Confusion, a mental and behavioral state of reduced comprehension, coherence, and capacity to reason, is one of the most common problems encountered in medicine, accounting for a large number of emergency department visits, hospital admissions, and inpatient consultations. Delirium, a term used to describe an acute confusional state, remains a major cause of morbidity and mortality, costing over $150 billion yearly in health care costs in the United States alone. Despite increased efforts targeting awareness of this condition, delirium often goes unrecognized in the face of evidence that it is usually the cognitive manifestation of serious underlying medical or neurologic illness.
CLINICAL FEATURES OF DELIRIUM
A multitude of terms are used to describe patients with delirium, including encephalopathy, acute brain failure, acute confusional state, and postoperative or intensive care unit (ICU) psychosis. Delirium has many clinical manifestations, but is defined as a relatively acute decline in cognition that fluctuates over hours or days. The hallmark of delirium is a deficit of attention, although all cognitive domains—including memory, executive function, visuospatial tasks, and language—are variably involved. Associated symptoms that may be present in some cases include altered sleep-wake cycles, perceptual disturbances such as hallucinations or delusions, affect changes, and autonomic findings that include heart rate and blood pressure instability.
Delirium is a clinical diagnosis that is made only at the bedside. Two subtypes have been described—hyperactive and hypoactive—based on differential psychomotor features. The cognitive syndrome associated with severe alcohol withdrawal (i.e., “delirium tremens”) remains the classic example of the hyperactive subtype, featuring prominent hallucinations, agitation, and hyperarousal, often accompanied by life-threatening autonomic instability. In striking contrast is the hypoactive subtype, exemplified by benzodiazepine intoxication, in which patients are withdrawn and quiet, with prominent apathy and psychomotor slowing.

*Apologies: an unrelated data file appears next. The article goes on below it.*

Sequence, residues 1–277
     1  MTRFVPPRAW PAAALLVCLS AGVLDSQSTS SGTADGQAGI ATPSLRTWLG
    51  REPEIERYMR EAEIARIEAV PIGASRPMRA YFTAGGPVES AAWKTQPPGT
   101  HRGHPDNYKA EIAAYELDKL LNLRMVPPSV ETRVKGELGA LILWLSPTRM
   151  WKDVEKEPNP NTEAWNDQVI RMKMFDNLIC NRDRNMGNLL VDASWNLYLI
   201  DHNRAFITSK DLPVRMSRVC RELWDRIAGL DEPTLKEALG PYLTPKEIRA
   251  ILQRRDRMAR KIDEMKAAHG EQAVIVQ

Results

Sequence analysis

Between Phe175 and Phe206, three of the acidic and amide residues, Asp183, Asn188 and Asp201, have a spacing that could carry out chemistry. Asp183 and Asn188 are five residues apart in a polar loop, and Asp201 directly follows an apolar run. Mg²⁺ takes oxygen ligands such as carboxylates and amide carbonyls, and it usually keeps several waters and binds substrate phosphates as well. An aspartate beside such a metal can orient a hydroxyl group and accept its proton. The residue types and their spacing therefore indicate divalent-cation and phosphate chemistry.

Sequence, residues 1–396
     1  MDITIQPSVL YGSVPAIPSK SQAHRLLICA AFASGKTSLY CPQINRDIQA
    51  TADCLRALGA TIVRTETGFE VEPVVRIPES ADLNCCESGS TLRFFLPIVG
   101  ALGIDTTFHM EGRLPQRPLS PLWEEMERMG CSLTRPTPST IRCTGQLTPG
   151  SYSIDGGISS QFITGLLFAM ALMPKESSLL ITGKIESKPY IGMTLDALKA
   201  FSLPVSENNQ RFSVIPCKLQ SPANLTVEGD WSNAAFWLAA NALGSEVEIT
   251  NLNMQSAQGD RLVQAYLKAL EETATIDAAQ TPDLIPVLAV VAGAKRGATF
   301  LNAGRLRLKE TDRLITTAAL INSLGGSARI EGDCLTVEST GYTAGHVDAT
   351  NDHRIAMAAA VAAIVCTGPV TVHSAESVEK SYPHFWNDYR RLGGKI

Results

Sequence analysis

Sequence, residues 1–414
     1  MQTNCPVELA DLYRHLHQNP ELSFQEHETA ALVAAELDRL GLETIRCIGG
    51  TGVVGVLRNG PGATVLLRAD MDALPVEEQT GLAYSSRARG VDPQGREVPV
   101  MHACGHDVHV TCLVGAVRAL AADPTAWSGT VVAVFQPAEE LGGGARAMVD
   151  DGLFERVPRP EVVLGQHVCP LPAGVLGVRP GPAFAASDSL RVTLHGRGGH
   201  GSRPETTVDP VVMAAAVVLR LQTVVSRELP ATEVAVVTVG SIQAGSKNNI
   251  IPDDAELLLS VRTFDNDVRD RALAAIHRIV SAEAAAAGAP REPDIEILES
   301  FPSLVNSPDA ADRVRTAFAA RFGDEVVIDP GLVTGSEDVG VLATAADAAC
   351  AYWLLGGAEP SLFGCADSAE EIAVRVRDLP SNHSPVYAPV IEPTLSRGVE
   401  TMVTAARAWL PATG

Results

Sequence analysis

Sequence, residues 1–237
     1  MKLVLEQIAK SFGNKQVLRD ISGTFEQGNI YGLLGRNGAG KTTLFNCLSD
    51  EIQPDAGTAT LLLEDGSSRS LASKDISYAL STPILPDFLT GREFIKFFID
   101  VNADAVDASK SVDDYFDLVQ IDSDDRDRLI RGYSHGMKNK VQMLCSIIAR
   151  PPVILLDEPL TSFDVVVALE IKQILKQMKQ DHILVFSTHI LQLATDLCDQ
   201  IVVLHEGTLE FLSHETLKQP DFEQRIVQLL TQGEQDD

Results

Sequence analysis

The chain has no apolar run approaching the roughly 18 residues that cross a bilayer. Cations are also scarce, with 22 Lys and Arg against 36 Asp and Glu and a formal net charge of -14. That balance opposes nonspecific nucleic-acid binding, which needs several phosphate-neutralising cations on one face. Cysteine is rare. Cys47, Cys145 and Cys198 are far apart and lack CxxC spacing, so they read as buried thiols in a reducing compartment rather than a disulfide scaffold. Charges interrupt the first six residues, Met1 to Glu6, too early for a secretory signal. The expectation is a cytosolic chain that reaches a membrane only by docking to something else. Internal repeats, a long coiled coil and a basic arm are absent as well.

This dichotomy between subtypes of delirium is a useful construct, but patients often fall somewhere along a spectrum between the hyperactive and hypoactive extremes, sometimes fluctuating from one to the other. Therefore, clinicians must recognize this broad range of presentations of delirium to identify all patients with this potentially reversible cognitive disturbance. Hyperactive patients are often easily recognized by their characteristic severe agitation, tremor, hallucinations, and autonomic instability. Patients who are quietly hypoactive are more often overlooked on the medical wards and in the ICU.
The reversibility of delirium is emphasized because many etiologies, such as systemic infection and medication effects, can be treated easily. The long-term cognitive effects of delirium remain largely unknown. Some episodes of delirium continue for weeks, months, or even years. The persistence of delirium in some patients and its high recurrence rate may be due to inadequate initial treatment of the underlying etiology. In other instances, delirium appears to cause permanent neuronal damage and cognitive decline. Even if an episode of delirium completely resolves, there may be lingering effects of the disorder; a patient’s recall of events after delirium varies ...